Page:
Radiologist (and amateur violinist) Steven Sirr, MD, and collaborators have created a reproduction of a 1704 Stradivarius violin using computed tomography (CT) images. According to a Radiological Society of North America release, here is how the team did it:
The original violin was scanned with a 64-detector CT, and more than 1,000 CT images were converted into stereolithographic files, which can be read by a computer-controlled router called a CNC machine. The CNC machine, custom-made for the project by Rossow, then carved the back and front plates and scroll of the violin from various woods. Finally, Waddle and Rossow finished, assembled and varnished the replica by hand.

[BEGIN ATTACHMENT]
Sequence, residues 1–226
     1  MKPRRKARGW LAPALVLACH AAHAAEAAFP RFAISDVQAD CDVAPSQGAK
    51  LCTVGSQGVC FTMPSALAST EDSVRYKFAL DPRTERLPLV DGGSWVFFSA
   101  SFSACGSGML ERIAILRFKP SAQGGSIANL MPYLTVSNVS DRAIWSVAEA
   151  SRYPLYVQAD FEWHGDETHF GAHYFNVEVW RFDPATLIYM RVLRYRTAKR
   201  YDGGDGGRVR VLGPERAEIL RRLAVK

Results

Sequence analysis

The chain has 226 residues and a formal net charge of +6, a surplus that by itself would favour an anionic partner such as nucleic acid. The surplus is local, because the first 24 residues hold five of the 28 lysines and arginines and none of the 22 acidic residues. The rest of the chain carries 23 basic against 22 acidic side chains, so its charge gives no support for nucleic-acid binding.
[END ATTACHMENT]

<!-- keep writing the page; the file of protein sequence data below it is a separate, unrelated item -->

"We believe this process of recreating old and valuable stringed instruments may have a profound influence upon modern string musicians," Dr. Sirr said.
The original Stradivarius used is held by the U.S. Library of Congress. The team has posted a video of some of the CT imaging (.mp4) and of the CNC machine at work (also .mp4). A very good summary of the work is also available from the BBC.
Photo courtesy RSNA